Kimmeridgian soil is a unique type of soil found in the wine areas of eastern Loire Valley, southern Champagne, and is at the heart of the Chablis wine region. The soil was identified by a French geologist Alcide d'Obigny, while working in Dorset near the town of Kimmeridge in the south of England in the middle 18th century. He identified a unique layer of dark marl which he named Kimmeridgian.
Though it must be noted that the Kimmeridgian soils found in France differs from that found in England. As it is a relatively uniform chalky marl with thin marly limestone containing rich layers of mixed seashells. Strata formed from the post Jurassic period continued to be deposited in the shallow sea areas which covered this part of France.

 

These layers were forced to the surface when the area known today as the Paris Basin began a slowly tilt up during the late Tertiary and Quaternary periods. This slow tilting of the basin allowed the Seine, Aube, Yonne and Loire Rivers to erode, cutting through the rising ridges of Kimmeridgian-Portlandian outcrop band into a large collection of wine areas.
These unique Kimmeridgian outcrops, are sometimes called the 'Kimmeridgian Chain' in that they are distinct and separate from their associated wine regions. The primary Kimmeridgian vineyard sites in France include: The Aube sub-region of Champagne, Chablis, Tonnerre, and Auxerrois wine areas of northern Burgundy; and the Pouilly, Sancerre and Menetou-Salon wine areas of the Loire Valley.
The success of the vineyards resting on top of these chalky soil has been widely known for centuries. For just as long as anyone can remember, attempts have been made to duplicate their characters. Quality sparkling wine is now made in several places around the world, but it is not Champagne. The best wines of the Loire Valley still have a special mix of terroir, fruit, structure and a nuance that is impossible to duplicate elsewhere. And there are vibrant, crisp Chardonnay wines made all over the world - but they are not Chablis.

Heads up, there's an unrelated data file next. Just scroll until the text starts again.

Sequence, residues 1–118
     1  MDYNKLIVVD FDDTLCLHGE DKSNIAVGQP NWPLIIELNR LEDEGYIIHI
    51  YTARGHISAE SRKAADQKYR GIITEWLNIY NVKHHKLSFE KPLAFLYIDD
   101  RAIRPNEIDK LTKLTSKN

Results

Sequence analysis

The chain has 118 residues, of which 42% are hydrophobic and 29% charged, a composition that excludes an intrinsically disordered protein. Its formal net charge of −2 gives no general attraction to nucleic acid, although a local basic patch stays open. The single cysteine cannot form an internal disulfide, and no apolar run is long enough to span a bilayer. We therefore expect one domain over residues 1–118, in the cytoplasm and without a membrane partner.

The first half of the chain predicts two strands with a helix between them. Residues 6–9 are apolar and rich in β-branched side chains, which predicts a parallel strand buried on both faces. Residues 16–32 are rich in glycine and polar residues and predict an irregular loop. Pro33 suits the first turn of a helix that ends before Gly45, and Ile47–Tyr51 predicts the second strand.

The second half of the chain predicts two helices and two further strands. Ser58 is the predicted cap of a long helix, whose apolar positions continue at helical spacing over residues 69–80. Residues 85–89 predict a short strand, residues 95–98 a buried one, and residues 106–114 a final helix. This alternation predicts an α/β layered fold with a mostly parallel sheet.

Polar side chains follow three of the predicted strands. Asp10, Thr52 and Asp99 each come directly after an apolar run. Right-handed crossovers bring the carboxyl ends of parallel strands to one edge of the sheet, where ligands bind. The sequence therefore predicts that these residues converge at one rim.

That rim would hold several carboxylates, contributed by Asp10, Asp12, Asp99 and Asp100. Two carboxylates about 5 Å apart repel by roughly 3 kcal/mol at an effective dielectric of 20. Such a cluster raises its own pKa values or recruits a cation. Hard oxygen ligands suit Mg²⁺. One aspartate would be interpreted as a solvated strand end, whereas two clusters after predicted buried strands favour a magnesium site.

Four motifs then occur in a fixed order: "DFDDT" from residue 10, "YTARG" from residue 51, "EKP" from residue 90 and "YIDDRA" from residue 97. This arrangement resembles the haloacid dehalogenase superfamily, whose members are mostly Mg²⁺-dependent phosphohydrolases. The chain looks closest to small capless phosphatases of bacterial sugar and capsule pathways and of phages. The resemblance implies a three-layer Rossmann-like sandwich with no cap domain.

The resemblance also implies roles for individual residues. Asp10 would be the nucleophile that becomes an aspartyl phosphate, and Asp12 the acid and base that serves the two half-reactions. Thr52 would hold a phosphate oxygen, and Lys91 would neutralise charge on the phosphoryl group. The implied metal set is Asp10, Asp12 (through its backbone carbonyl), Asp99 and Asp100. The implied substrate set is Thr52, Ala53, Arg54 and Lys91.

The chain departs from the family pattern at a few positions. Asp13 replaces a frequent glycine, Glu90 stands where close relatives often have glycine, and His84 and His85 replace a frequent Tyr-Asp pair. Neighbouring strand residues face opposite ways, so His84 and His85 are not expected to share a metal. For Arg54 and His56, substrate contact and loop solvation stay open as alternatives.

The Kimmeridgian soils are possibly the most famous and important on earth when it comes to fine wine. The quality, longevity and unique features of this particular blend of limestone and clay have driven the wine world for centuries. There is simply no comparison.
A key to Kimmeridgian soil is the way it works with its Portlandian partner. The marly soil of the Kimmeridgian layer develops good structure and ideal water-retention and is easy to cultivate. The hard limestone of the Portlandian contains numerous fossil fragments and is cracked by frost. This enables good aeration of the gentle slopes as well as aiding in ideal drainage.
Chablis is a significant part of the Kimmeridgian chain and is home to some of the finest Chardonnay wines. The defined wine region was recognized as growing on a sub-soil of Kimmeridgian limestone - while wine grown elsewhere in Chablis would be classified Petit Chablis. The mid-slope in Chablis maps almost perfectly to the Kimmeridgian outcrop with the soft, carbonate-rich rock being covered by Portlandian limestone and supported by other limestone deposits. The south-facing Kimmeridgian slope also has significant exposure to the sun and is home to the Chablis Grand Cru vineyards.
The geologic conditions identical to those found in the Grand Cru slopes, also extend both north-east and south-west, but the vineyards on these sites are classed as Premiers Crus. This is an indication that Kimmeridgian soil is not the only ingredient in the making of a Grand Cru Chablis. As a matter of fact, the reference to Kimmeridgian limestone in the definition of Chablis was discontinued in 1976, as many believe it is also a combination of the slope and orientation of each site is of importance to producing quality Chardonnay in Chablis.
In the vicinity of Sancerre and Pouilly-sur-Loire wine areas of the Loire Valley, faulting has caused the east bank of the river (Pouilly side) to lower, thus causing the Kimmeridgian slope to lie flat, exposing elements of the Tertiary period - (sands, clays, and freshwater limestone) and Quaternary period - (with high-river-terrace sands, gravel and clay). The town of Sancerre sits on top a fault ridge, the eastern side has a layer of Cretaceous soils while the west side is covered with brush and gravel slopes. Further west the best vineyards sit on the classic Portlandian-Kimmeridgian soil combination.